Dave Grohl has spent his time in lockdown spinning yarns about his encounters with other superstar rockers. On his True Short Stories Instagram, the Foo Fighters frontman has shared stories of strip clubs and Pantera and jamming with Prince. In his latest tale, Grohl recounted the time he emailed back and forth with David Bowie.
Setting the stage, Grohl laid out his history with the Thin White Duke, recalling singing “Suffragette City” with his high school band and puking after a party while “Space Oddity” played in his sister’s VW bug. He talked about meeting Let’s Dance drummer Tony Thompson and confessing he’d “stolen more than a few of his drum riffs in my career, to which he replied, ‘Oh, I know…'”
He went on to talk about seeing Bowie perform live for the first time and joining him for his 50th birthday celebration at Madison Square Garden. Grohl himself initially played “7 Years in Tibet” before the rest of Foo Fighters came on for “Hallo Spaceboy”. “I remember glancing over mid performance to see his iconic eyes as the crowd roared,” wrote Grohl. “And they were looking right into mine. Give me chills, still to this day…”
Later, Bowie’s guitarist at the time, Reeves Gabrels, invited Bowie, Grohl, and Pixies’ Frank Black to record a song for his solo album, Ulysses (Della Notte). Grohl watched Bowie sit on the carpet, surrounded by “photographs and postcards,” and “write lyrics, line after line, with no correction… Once finished, he drew a crude, yet beautiful self portrait at the bottom of the page.” After Bowie laid down his vocals, Grohl discovered that lyrics sheet left behind on the music stand. “I snatched that mother fucker up fast than you can say ‘Jean Genie’!” He ended up giving it to his sister, Lisa, who had first introduced him to Bowie’s music.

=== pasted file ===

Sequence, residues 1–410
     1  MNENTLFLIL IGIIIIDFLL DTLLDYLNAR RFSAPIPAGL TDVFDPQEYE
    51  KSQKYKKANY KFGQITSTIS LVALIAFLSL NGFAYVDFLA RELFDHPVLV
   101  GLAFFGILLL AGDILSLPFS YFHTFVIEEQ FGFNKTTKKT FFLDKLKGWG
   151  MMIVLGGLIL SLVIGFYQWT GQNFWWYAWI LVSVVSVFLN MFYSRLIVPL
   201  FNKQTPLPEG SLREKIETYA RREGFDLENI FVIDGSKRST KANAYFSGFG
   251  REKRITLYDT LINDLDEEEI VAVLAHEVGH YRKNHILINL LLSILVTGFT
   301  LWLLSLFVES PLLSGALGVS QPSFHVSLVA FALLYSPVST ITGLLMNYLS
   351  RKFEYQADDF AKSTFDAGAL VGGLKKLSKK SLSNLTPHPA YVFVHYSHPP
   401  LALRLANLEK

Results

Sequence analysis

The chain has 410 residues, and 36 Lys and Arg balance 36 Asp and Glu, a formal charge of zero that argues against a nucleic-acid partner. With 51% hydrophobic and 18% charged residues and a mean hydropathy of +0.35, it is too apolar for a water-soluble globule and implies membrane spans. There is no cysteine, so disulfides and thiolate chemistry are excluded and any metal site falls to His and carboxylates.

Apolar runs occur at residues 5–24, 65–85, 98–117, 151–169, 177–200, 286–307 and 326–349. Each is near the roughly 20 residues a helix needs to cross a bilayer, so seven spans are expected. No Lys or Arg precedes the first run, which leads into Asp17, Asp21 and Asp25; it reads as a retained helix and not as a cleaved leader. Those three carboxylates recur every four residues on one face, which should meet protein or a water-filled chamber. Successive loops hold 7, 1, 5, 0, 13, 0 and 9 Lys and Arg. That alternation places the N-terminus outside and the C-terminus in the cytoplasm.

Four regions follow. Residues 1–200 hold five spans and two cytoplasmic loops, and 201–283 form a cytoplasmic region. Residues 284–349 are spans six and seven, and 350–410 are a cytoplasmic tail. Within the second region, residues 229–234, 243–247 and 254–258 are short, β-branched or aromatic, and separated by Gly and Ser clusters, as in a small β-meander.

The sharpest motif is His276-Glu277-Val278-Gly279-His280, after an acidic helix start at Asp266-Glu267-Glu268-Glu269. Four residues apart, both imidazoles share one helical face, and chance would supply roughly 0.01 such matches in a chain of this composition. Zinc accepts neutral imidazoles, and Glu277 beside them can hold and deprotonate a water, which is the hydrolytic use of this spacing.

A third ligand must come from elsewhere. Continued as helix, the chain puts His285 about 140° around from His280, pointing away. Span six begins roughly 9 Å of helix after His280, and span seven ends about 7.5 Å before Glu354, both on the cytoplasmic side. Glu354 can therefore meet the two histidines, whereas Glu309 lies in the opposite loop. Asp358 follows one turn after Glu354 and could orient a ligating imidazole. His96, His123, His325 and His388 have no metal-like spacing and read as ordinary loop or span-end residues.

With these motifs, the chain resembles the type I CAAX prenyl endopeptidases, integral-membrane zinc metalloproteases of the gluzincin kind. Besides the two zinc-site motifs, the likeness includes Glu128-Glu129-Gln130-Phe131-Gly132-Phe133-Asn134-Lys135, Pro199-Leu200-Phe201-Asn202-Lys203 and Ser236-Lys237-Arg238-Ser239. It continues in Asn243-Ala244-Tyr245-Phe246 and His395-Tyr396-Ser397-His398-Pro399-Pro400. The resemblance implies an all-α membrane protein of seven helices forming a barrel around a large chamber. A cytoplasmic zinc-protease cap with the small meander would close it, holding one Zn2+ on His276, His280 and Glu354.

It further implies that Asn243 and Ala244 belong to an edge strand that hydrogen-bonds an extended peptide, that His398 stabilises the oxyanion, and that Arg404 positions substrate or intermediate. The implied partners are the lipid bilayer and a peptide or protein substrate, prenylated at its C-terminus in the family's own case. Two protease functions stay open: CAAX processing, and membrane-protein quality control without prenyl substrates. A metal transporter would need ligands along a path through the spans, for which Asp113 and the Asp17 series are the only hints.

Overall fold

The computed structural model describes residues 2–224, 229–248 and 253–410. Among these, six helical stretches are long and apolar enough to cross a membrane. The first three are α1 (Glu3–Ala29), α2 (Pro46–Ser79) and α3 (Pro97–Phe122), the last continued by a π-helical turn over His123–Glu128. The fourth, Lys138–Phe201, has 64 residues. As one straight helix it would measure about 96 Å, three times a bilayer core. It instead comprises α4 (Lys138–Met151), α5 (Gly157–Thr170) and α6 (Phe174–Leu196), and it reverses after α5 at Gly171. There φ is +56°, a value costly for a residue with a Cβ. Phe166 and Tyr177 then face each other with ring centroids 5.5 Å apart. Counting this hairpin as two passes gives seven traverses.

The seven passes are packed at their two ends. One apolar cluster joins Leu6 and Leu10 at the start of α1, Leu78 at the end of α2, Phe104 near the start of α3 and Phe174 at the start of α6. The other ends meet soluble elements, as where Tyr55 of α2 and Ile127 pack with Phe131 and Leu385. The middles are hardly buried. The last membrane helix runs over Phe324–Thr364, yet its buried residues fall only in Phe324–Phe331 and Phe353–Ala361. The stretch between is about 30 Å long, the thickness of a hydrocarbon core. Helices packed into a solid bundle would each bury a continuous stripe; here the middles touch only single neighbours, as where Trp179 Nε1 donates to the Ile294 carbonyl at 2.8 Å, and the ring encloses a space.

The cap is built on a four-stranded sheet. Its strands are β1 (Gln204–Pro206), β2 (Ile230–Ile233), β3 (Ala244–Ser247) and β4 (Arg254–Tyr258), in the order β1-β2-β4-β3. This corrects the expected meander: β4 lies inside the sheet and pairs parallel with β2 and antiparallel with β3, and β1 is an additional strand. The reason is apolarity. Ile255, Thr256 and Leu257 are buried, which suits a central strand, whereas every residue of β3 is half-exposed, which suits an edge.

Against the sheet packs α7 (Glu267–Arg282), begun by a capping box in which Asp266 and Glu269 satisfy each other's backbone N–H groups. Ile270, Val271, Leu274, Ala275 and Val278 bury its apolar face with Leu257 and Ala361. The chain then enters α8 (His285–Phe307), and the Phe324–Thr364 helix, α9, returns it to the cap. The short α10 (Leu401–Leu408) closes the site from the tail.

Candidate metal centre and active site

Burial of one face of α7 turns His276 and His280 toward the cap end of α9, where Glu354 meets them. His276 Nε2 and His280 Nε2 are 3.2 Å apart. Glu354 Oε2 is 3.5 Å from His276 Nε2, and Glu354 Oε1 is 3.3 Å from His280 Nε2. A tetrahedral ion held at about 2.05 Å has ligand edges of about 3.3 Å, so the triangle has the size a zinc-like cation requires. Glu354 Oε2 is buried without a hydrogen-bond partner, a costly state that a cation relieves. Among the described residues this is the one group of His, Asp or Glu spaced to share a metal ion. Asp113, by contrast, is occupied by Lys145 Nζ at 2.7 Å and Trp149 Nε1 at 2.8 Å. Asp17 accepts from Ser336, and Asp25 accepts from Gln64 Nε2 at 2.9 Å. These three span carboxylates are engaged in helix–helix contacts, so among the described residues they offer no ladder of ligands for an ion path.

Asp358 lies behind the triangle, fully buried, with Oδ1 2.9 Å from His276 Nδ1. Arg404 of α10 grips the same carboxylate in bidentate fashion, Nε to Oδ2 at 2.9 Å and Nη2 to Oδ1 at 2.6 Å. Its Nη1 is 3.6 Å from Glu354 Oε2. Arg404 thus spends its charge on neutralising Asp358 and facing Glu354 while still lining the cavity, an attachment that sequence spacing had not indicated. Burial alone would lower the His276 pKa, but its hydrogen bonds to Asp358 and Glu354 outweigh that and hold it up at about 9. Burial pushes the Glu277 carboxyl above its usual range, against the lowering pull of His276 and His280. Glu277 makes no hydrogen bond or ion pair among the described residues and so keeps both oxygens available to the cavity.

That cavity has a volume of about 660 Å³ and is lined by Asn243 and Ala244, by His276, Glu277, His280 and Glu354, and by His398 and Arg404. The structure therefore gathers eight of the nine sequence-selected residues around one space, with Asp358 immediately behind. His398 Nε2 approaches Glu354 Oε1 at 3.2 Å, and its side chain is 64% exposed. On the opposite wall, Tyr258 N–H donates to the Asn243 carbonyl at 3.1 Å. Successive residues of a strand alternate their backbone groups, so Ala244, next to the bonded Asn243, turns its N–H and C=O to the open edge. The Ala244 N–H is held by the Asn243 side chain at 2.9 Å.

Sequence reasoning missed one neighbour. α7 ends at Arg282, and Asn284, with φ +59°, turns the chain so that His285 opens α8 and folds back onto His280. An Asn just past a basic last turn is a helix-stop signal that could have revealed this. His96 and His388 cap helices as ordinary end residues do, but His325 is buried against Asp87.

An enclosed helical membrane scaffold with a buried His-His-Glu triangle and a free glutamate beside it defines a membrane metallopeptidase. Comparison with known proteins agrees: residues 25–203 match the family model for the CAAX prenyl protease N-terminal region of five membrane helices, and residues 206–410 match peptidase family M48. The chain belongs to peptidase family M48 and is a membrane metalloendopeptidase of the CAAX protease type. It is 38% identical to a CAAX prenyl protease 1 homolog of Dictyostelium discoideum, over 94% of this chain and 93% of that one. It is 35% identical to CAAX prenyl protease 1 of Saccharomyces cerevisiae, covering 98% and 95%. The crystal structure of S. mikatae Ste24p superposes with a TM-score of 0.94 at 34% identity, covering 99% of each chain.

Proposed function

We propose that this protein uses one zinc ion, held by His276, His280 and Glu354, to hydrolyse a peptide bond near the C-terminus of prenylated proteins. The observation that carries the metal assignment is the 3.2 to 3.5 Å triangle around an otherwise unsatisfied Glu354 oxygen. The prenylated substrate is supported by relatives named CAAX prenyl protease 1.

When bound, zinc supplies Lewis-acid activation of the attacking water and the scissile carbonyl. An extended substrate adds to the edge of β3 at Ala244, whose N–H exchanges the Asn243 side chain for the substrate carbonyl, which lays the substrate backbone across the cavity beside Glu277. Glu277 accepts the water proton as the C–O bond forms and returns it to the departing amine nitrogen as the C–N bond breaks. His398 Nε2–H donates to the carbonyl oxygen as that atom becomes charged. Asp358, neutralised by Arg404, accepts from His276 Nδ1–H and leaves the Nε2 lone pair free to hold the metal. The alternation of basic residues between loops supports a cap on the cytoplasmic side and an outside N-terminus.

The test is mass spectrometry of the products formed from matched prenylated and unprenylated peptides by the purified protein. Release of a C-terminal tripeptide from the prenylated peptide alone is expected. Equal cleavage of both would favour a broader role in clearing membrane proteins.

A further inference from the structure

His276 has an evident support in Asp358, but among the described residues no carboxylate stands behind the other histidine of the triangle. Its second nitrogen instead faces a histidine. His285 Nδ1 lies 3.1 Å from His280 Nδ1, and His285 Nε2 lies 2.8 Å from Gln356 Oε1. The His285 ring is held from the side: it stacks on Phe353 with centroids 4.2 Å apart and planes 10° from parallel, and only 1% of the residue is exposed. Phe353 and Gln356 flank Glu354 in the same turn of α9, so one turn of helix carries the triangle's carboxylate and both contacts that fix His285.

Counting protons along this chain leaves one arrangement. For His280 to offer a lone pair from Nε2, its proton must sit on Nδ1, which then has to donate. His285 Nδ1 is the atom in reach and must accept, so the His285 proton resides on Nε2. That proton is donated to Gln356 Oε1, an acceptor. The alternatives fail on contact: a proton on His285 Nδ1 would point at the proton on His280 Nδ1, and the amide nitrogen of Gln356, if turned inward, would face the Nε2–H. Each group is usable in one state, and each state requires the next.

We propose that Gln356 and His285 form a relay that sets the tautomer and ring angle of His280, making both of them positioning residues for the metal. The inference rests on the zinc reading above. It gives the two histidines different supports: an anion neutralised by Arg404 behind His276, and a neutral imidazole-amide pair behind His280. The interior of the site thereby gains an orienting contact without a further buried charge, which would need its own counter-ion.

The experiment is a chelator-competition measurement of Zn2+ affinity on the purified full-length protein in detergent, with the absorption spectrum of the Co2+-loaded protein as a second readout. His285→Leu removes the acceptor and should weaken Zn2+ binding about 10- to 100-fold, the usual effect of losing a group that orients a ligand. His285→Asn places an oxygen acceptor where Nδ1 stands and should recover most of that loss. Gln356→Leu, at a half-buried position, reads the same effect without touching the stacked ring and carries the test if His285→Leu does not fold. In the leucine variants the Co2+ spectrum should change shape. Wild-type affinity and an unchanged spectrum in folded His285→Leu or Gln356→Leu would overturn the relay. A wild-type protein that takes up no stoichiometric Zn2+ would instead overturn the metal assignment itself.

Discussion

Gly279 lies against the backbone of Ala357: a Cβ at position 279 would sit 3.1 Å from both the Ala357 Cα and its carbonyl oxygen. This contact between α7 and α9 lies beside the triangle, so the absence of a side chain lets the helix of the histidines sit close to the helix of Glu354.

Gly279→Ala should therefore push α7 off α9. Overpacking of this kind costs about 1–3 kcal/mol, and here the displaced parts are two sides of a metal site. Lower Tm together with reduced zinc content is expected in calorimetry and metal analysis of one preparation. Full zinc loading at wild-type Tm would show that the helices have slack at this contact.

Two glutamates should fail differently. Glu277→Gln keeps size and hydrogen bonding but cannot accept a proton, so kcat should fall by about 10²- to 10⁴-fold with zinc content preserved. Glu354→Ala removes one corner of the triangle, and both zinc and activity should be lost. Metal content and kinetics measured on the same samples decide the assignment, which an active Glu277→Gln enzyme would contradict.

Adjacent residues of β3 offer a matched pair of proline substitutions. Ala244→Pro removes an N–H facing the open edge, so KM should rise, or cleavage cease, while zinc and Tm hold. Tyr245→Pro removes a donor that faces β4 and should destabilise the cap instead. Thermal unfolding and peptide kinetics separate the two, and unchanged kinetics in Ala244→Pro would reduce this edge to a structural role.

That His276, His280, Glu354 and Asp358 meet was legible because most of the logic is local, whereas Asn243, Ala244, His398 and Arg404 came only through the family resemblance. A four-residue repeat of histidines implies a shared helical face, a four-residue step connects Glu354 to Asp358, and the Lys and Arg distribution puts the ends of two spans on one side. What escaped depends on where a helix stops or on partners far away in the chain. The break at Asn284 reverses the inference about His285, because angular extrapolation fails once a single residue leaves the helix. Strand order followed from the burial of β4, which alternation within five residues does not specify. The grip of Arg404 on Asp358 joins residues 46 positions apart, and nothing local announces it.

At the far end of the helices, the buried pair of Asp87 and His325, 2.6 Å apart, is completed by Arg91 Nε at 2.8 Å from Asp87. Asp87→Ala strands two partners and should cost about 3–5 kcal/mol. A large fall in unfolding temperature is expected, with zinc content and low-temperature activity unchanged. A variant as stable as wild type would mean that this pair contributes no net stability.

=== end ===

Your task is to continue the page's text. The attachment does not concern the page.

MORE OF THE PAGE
Grohl’s final interaction with Bowie came over email. He was writing a song for “a big budget, major motion picture,” and asked a mutual connection, Bowie’s long time collaborator Tony Visconti, if he thought Bowie might be interested in singing on it. Visconti gave Bowie the track, and Grohl awaited his response.
It finally came weeks later, and was a very pleasant decline, with Bowie saying the genre wasn’t his taste. “I’m just not made for these times, Browie wrote. Grohl responded with a casual, “…Let me know if you’d ever like to make music together sometime.”
Within seconds, Bowie responded, “Well, that’s settled. Now fuck off.”
Grohl was shook. He wasn’t sure if he’d somehow pissed one of the greatest rock icons of all time or if he just wasn’t reading the playful tone correctly. “See you in another 17 years!” Grohl quipped back.
“Not if I see you first,” Bowie replied.
“What, no more birthday parties at Madison Square Garden?” Grohl responded, still unsure about Bowie’s demeanor.
“No more birthdays. I’ve run out of them,” Bowie wrote.
The conversation went on with humor and pleasantries, but that line is haunting. Not long after this exchange, Bowie released his final album, Blackstar, and passed away two days later. “I looked back on my memories of him with a great sense of fondness and also deep sadness,” Grohl remembered. “Especially our last exchange. It broke my heart to re-read the line “No more birthdays, I’ve run out of them,” thinking that maybe, just maybe he knew something that we didn’t. And, being the gentleman that he always was, didn’t want us to suffer his pain.”
Read Grohl’s full short story below.